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Pope Francis Says God Only ‘Permits’ Islam to Exist

Pope Francis (L) greets a foreign diplomat during an audience with the diplomatic corps at the Vatican on March 22, 2013.
TONY GENTILE/AFP/Getty
THOMAS D. WILLIAMS, PH.D.

Pope Francis walked back an earlier statement Wednesday on God “willing” a plurality of religions, saying that in reality God only permits the existence of many religions.

In a joint statement with the Grand Imam of Al-Azhar Ahmad Al-Tayyeb, Pope Francis said in February that the plurality and diversity of religions “are willed by God in His wisdom,” just as God wills a plurality of colors, sexes, races, and languages.

This Abu Dhabi declaration elicited a wave of criticism from Catholic theologians, who insisted that such a statement seemed to suggest that either God actively wills error, or that all religions are equally valid paths to God. The existence of a variety of colors, races, and languages in humanity is very different from a variety of contradictory claims about God’s identity and way of acting.

Father Thomas Weinandy, for instance, the former head of the U.S. bishops’ doctrinal office, said he found the statement disturbing for its apparent reduction of Jesus Christ to just another guru or religious leader.

“What I find very sad and scandalously troubling” Father Weinandy told Lifesite News, “is that, in the midst of it all, Jesus is being insulted. He is reduced to the level of Buddha or Mohammed when in fact he is the Father’s beloved Messianic Son, the one in whom the Father is well pleased.”

“The only religions that God positively willed are Judaism and Christianity for he himself founded these religions through his own positive divine actions and revelation,” Weinandy said.

According to many scholars, Islam, for example, was born as a Christian heresy — a perversion of Christianity — and it would be odd if God directly willed for heresy to be proclaimed.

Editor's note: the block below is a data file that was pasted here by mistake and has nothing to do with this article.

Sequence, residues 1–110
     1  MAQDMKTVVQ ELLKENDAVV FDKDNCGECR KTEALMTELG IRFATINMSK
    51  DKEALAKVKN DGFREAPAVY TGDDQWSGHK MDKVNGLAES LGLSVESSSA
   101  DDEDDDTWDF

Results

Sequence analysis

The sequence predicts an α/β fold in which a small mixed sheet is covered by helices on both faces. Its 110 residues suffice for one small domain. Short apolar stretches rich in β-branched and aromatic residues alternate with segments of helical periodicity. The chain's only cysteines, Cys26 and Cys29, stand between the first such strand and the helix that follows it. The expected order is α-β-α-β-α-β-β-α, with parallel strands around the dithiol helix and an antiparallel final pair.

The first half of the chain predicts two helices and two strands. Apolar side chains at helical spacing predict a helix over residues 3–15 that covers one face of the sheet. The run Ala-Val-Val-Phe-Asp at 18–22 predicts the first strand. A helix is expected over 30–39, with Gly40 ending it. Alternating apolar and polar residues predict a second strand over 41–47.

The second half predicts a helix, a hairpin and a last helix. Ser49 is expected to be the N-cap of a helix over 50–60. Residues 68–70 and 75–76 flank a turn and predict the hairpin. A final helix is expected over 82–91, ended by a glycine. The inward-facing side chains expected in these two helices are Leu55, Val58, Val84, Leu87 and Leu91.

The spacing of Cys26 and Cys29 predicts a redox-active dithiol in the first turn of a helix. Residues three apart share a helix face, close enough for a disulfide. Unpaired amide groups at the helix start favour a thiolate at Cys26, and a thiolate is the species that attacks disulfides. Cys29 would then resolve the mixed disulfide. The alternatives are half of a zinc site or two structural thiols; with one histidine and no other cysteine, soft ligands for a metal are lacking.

In a series of unscripted remarks Wednesday, the pope attempted to clarify that what God really wills is fraternity among all peoples, while he only permits a plurality of religions.

“But someone may wonder: why does the Pope go visit the Muslims and not just Catholics? Why are there so many religions? How is it that there are so many religions?” Francis said.

“With the Muslims we are descendants of the same Father, Abraham. Why does God allow there to be so many religions? God wanted to allow this. Scholastic theologians referred to God’s voluntas permissiva [permissive will]. He wanted to allow this reality: that there are so many religions,” he said.

“Some are born from culture, but they always look at heaven, they look at God,” he said. “But what God wills is brotherhood among us and in a special way – and this is the reason for this journey – with the Muslims, our brothers and sisters, children of Abraham.”

“We must not be frightened by the difference: God allowed this,” the pope continued. “We should be frightened if we do not work in brotherhood, to walk together in life.”

While this clarification is undoubtedly helpful, Father Weinandy suggested, it does not go far enough.

“The problem is that, more than likely, the vast majority of the media and many other theologians and bishops will continue to interpret the original document in the manner that, as God willed Judaism and Christianity, so he also willed other religions – full stop,” he said.

In 2017, Father Weinandy published a forceful letter he had written to Pope Francis, criticizing the pontiff’s “intentionally ambiguous” teaching, scorn of conservatives, and resistance to constructive criticism.

Weinandy made the letter public, he said, because it “expresses the concerns of many more people than just me, ordinary people who’ve come to me with their questions and apprehensions.”

In his letter, Father Weinandy listed five points that illustrate the “chronic confusion” that seems to mark the Francis pontificate, namely, intentional ambiguity, disdain for doctrine, the appointment of heterodox bishops, sowing division in the Church, and vindictiveness in the face of criticism.

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